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MESSENGER Panelist Biographies

Brian J. Anderson, MESSENGER Deputy Project Scientist
The Johns Hopkins University Applied Physics Laboratory, Laurel, MD

Brian J. Anderson As the deputy project scientist for MESSENGER, Brian J. Anderson oversees the orbital operations planning to ensure that observations from all of the instruments are coordinated to meet the mission objectives. His research areas include the dynamics of space plasmas and planetary magnetic fields. At APL since 1988, he served as Magnetometer Instrument Scientist on the Near Earth Asteroid Rendezvous mission and until recently filled that role on MESSENGER as well.


Contact Information: 240.228.6347
E-mail: brian.anderson@jhuapl.edu

William E. McClintock, MESSENGER Co-Investigator
Laboratory for Atmospheric and Space Physics, University of Colorado, Boulder, CO

William McClintock William McClintock, a Senior Research Scientist at the Laboratory for Atmospheric and Space Physics, University of Colorado, is an expert in upper planetary atmospheres and specializes in their measurement using ultraviolet spectroscopy. He led the development of the Mercury Atmospheric and Surface Composition Spectrometer (MASCS) and is leading the analysis of its measurements of atmospheric composition. He obtained both a BA in physics and a Ph.D. in physics from The Johns Hopkins University. He joined the Laboratory for Atmospheric and Space Physics in 1977 to develop rocket experiments for observing interstellar matter. He serves as the SORCE SOLSTICE Instrument Scientist. In addition to his SORCE activities, he is a co-Investigator on a number of NASA planetary programs, including the Ultraviolet Imaging Spectrometer Experiment on the Cassini mission to Saturn and the MESSENGER mission. His research interests include the precise measurement of solar and stellar ultraviolet irradiance and ultraviolet observations of planetary atmospheres and exospheres.


Contact Information: 303.492.8407
E-mail: William.McClintock@lasp.colorado.edu

Brett W. Denevi, Staff Scientist
The Johns Hopkins University Applied Physics Laboratory, Laurel, MD

Brett W. Denevi Brett W. Denevi is a Planetary Scientist in the Space Department of The Johns Hopkins University Applied Physics Laboratory in Laurel, Md. Her research focuses on the composition, origin, and evolution of planetary and asteroidal surfaces, including topics such as regolith development, chemical and mineralogic composition of planetary materials as derived from ultraviolet, visible, and near-infrared spectroscopy, and geologic mapping of planetary surfaces. She has extensive experience in sensor calibration and image processing. She is currently working on the calibration and analysis of images from MESSENGER's Mercury Dual Imaging System (MDIS), and she is a Co-Investigator on the Lunar Reconnaissance Orbiter Camera and a Participating Scientist on the Dawn mission to Vesta. She received her Ph.D. in geology and geophysics from the University of Hawaii.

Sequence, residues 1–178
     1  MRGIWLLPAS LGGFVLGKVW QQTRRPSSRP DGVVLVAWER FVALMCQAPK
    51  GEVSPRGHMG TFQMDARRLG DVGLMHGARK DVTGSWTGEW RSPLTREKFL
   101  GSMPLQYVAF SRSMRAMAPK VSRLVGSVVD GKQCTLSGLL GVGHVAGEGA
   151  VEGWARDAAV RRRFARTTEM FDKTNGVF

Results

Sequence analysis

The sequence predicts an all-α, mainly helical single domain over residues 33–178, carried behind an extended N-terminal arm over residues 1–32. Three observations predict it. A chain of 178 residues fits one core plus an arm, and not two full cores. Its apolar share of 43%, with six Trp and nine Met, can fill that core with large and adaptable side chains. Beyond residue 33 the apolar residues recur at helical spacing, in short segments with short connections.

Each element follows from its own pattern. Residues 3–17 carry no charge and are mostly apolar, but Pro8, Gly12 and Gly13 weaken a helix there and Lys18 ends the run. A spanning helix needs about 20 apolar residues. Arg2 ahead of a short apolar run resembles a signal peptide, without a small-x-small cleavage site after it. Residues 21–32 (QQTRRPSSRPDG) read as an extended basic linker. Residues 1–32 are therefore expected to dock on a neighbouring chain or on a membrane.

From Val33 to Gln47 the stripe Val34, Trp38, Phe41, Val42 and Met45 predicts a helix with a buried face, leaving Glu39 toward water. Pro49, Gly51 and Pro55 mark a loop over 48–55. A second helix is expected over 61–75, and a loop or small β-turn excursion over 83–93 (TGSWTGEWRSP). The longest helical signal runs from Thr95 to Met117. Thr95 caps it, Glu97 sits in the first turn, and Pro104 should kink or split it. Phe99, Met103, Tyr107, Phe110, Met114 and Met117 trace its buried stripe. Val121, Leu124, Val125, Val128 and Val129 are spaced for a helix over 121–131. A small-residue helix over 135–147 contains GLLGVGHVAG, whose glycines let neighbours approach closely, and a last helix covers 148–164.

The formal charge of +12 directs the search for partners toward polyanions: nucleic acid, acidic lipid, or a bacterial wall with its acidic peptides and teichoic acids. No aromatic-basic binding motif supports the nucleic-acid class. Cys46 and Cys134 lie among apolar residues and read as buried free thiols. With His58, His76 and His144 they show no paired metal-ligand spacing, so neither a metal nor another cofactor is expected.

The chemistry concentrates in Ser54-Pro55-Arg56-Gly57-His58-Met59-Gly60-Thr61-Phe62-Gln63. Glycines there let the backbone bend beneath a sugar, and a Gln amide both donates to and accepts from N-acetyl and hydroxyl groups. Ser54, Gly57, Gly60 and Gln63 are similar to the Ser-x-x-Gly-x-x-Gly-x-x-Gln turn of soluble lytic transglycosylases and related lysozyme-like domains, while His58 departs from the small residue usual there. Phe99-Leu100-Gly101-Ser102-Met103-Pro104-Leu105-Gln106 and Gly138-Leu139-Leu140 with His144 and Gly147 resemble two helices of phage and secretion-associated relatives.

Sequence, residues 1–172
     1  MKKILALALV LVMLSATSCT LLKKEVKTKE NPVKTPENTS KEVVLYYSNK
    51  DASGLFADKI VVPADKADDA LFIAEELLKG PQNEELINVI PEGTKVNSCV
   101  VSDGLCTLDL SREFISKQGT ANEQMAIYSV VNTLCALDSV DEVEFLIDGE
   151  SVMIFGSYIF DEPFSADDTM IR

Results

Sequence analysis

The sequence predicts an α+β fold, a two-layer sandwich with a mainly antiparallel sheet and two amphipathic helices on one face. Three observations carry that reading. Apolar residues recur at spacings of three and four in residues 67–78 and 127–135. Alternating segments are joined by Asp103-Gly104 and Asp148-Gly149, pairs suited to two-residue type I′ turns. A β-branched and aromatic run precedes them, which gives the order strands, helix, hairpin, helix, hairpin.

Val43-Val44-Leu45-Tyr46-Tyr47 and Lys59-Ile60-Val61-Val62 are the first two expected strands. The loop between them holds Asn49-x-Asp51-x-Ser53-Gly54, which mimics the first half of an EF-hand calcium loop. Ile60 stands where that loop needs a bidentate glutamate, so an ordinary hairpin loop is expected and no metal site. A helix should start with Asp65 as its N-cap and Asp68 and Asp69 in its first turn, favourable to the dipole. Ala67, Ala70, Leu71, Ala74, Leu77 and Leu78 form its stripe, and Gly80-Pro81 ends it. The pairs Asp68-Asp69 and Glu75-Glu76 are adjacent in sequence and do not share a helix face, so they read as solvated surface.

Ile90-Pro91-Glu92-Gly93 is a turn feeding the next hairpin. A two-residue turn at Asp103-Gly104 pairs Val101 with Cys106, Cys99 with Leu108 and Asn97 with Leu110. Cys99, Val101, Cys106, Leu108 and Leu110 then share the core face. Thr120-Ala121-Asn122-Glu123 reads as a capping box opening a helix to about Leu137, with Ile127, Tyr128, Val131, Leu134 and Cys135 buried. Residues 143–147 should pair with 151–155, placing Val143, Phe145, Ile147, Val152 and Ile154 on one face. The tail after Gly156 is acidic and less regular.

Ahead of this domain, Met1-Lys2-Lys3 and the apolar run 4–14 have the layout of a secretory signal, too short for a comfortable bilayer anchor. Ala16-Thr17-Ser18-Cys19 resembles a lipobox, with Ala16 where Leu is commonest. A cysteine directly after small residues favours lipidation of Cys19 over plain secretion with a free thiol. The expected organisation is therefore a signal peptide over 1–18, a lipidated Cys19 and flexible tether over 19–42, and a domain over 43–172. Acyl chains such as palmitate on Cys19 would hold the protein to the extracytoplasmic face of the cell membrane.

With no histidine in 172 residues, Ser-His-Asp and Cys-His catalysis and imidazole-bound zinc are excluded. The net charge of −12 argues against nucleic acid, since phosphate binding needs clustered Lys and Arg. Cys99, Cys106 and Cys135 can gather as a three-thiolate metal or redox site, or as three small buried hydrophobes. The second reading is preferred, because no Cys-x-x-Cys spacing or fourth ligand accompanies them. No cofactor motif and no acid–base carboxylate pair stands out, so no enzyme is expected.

Contact Information: 240.228.2139
E-mail: brett.denevi@jhuapl.edu

Noam R. Izenberg, Mercury Atmospheric and Surface Composition Spectrometer Instrument Scientist
The Johns Hopkins University Applied Physics Laboratory, Laurel, MD

Noam R. Izenberg As Instrument Scientist for the Mercury Atmospheric and Surface Composition Spectrometer (MASCS) instrument on MESSENGER, Noam Izenberg is responsible for translating the scientific goals of the instrument team into operations that will net the information required. He has been involved in MESSENGER since his arrival at APL to become a member of the Near Earth Asteroid Rendezvous (NEAR) Shoemaker team, on which he served as Near Infrared Spectrometer Instrument Scientist. His primary scientific interests focus on the surface morphology, composition, and surface processes of the rocky bodies of the solar system. He has participated in such other missions as Magellan, CONTOUR, and Mars Reconnaissance Orbiter, he has led development projects in chemical and astrobiological sensors for planetary science, and he is experimentally exploring physical processes on low-gravity bodies such as asteroids. Izenberg received an Sc.B. in geology from Brown University and a Ph.D. in earth and planetary sciences from Washington University, St. Louis.


Contact Information: 240.228.7918
E-mail: Noam.Izenberg@jhuapl.edu


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